Going back two centuries before World War 1, income per person in Colonial America was actually higher than Britain and Western Europe, and inequality was much lower. Peter Lindert and Jeffrey Williamson have taken a new approach to assembling historical GDP data. GDP can be measured in three ways that are all supposed to yield the same result: the production approach, expenditure approach and income approach. Lindert and Williamson use the income approach, which ‘exposes the distribution of income by socio-economic class, race, and gender, as well as by region and urban-rural location’.
- America actually led Britain and all of Western Europe in income per capita during colonial times. Britain’s American colonies were already ahead by 38% in 1700 and by 52% in 1774, just before the Revolution.
- Colonial America was the most income-egalitarian rich place on the planet. Among all Americans – slaves included – the richest 1% got only 8.5% of total income in 1774. Among free Americans, the top 1% got only 7.6%. Today, the top 1% in the US gets more than 20% of total income.
- A long steep rise in US inequality took place between 1800 and 1860, matching the widening income gaps we have witnessed since the 1970s. This first great rise in inequality was broadly based, with widening income gaps throughout the whole income spectrum – rising urban-rural income gaps, skill premiums, gaps between slaves and the free, North-South income gaps, earnings inequality, and even property income inequality.
- The income share captured by the richest 1% fell dramatically between the 1910s and the 1970s, and the share of the bottom half rose.
- “This ‘Great Leveling’ took place for several reasons. Wars and other macro-shocks destroyed private wealth (especially financial wealth) and shifted the political balance toward the left. The labor force grew more slowly and automation was less rapid, improving the incomes of the less skilled. Rising trade barriers lowered the import of labor-intensive products and the export of skill-intensive products, favoring the less skilled in the lower and middle ranks. And in the US, the financial crash of 1929-1933 was followed by a half century of tight financial regulation, which held down the incomes of those employed in the financial sector and the net returns reaped by rich investors.”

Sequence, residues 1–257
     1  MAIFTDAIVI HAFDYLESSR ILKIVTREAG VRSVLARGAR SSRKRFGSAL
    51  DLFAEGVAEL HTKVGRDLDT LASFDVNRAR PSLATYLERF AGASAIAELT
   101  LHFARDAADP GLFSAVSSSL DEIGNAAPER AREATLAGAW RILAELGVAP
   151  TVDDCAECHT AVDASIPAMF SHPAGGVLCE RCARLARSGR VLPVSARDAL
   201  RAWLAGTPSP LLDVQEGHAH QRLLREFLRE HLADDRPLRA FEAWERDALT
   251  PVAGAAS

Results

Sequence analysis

- The equality gained in the US during the ‘Great Leveling’ slipped away after the 1970s. The rising income gaps were partly due to policy shifts. In this time, the US lost its lead in education and financial deregulation in the 1980s “contributed powerfully” to the rise income concentration at the top and also to crises and recessions. A regressive pattern of tax cuts allowed more wealth to be inherited rather than earned.
They conclude with the following history and economics lesson:
American history suggests that inequality is not driven by some fundamental law of capitalist development, but rather by episodic shifts in five basic forces – demography, education policy, trade competition, financial regulation policy, and labour-saving technological change. While some of these forces are clearly exogenous, others – particularly policies regarding education, financial regulation, and inheritance taxation – offer ways to check the rise of inequality while also promoting growth.